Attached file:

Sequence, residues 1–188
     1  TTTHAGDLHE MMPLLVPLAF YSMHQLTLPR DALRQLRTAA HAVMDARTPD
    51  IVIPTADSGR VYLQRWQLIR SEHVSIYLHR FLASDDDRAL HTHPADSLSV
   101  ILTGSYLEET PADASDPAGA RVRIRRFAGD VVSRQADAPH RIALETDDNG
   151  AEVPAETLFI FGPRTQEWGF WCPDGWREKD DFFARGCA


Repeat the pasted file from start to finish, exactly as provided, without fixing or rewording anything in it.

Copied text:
Sequence, residues 1–188
     1  TTTHAGDLHE MMPLLVPLAF YSMHQLTLPR DALRQLRTAA HAVMDARTPD
    51  IVIPTADSGR VYLQRWQLIR SEHVSIYLHR FLASDDDRAL HTHPADSLSV
   101  ILTGSYLEET PADASDPAGA RVRIRRFAGD VVSRQADAPH RIALETDDNG
   151  AEVPAETLFI FGPRTQEWGF WCPDGWREKD DFFARGCA